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New Linux Malware 'Nearly Impossible to Detect'

So-called Symbiote malware, first found targeting financial institutions, contains stealthy rootkit capabilities.

A new malware variant attacking Linux systems that steals credentials and allows for remote access to victim machines camouflages so well that the researchers studying it say they can't conclude if it's being used in targeted or larger-scale attack campaigns.

Security researchers from Intezer and BlackBerry's Research & Intelligence Team say the so-called Symbiote malware is unusual in that it's not a pure executable file: it's actually a shared object library that loads itself into a machine's running processes using the LD_Preload file in Linux. "Once it has infected all the running processes, it provides the threat actor with rootkit functionality, the ability to harvest credentials, and remote access capability," the researchers wrote in a blog post this week.

Symbiote was first sighted in November of 2021, they said, and at the time appeared to be created for attacking financial institutions in Latin America.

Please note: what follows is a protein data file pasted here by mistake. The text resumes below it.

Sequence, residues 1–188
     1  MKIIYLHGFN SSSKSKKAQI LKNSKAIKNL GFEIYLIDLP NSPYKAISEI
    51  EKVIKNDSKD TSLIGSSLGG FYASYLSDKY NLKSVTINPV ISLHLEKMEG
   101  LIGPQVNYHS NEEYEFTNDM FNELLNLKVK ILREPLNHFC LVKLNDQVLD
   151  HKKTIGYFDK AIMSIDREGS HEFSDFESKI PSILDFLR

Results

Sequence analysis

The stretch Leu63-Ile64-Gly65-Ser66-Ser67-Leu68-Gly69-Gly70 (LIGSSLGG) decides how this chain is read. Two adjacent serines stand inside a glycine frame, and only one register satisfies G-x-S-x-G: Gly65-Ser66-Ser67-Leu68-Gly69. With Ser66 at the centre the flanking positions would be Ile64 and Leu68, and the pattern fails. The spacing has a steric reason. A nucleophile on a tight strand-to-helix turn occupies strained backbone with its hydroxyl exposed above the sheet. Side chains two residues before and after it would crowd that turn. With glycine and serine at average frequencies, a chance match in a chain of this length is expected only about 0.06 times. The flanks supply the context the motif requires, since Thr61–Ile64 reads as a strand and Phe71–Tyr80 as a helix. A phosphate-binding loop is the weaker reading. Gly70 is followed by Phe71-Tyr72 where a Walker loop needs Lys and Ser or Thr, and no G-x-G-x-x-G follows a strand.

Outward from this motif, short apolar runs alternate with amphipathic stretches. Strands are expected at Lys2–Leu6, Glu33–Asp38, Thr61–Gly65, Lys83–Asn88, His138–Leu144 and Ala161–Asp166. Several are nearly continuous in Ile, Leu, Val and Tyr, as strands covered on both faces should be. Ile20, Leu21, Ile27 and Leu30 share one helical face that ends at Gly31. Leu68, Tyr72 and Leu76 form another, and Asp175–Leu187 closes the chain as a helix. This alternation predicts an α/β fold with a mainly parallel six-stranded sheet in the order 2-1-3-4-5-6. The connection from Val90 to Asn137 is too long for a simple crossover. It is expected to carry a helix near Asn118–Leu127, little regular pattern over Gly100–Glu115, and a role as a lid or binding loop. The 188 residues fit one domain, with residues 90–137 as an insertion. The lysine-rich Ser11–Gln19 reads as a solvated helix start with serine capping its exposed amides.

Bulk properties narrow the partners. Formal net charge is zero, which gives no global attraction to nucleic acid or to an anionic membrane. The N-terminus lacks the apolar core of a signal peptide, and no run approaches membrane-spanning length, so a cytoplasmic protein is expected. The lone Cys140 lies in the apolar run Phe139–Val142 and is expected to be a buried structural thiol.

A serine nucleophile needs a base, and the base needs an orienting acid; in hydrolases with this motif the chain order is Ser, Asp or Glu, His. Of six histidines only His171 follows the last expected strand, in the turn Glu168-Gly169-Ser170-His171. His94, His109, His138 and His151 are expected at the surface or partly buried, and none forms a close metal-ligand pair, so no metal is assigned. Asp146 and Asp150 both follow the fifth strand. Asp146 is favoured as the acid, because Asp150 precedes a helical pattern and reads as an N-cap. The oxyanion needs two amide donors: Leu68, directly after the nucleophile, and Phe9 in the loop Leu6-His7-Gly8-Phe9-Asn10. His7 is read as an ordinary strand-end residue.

"Once the malware has infected a machine, it hides itself and any other malware used by the threat actor, making infections very hard to detect. Performing live forensics on an infected machine may not turn anything up since all the file, processes, and network artifacts are hidden by the malware. In addition to the rootkit capability, the malware provides a backdoor for the threat actor to log in as any user on the machine with a hardcoded password, and to execute commands with the highest privileges," the researchers wrote.

While detecting the rootkit is a major challenge, the researchers said organizations should watch for anomalous DNS requests. But relying on antivirus and endpoint detection and response tools to detect it is moot: They can be compromised by the rootkit since it's embedded in "userland," the researchers warned.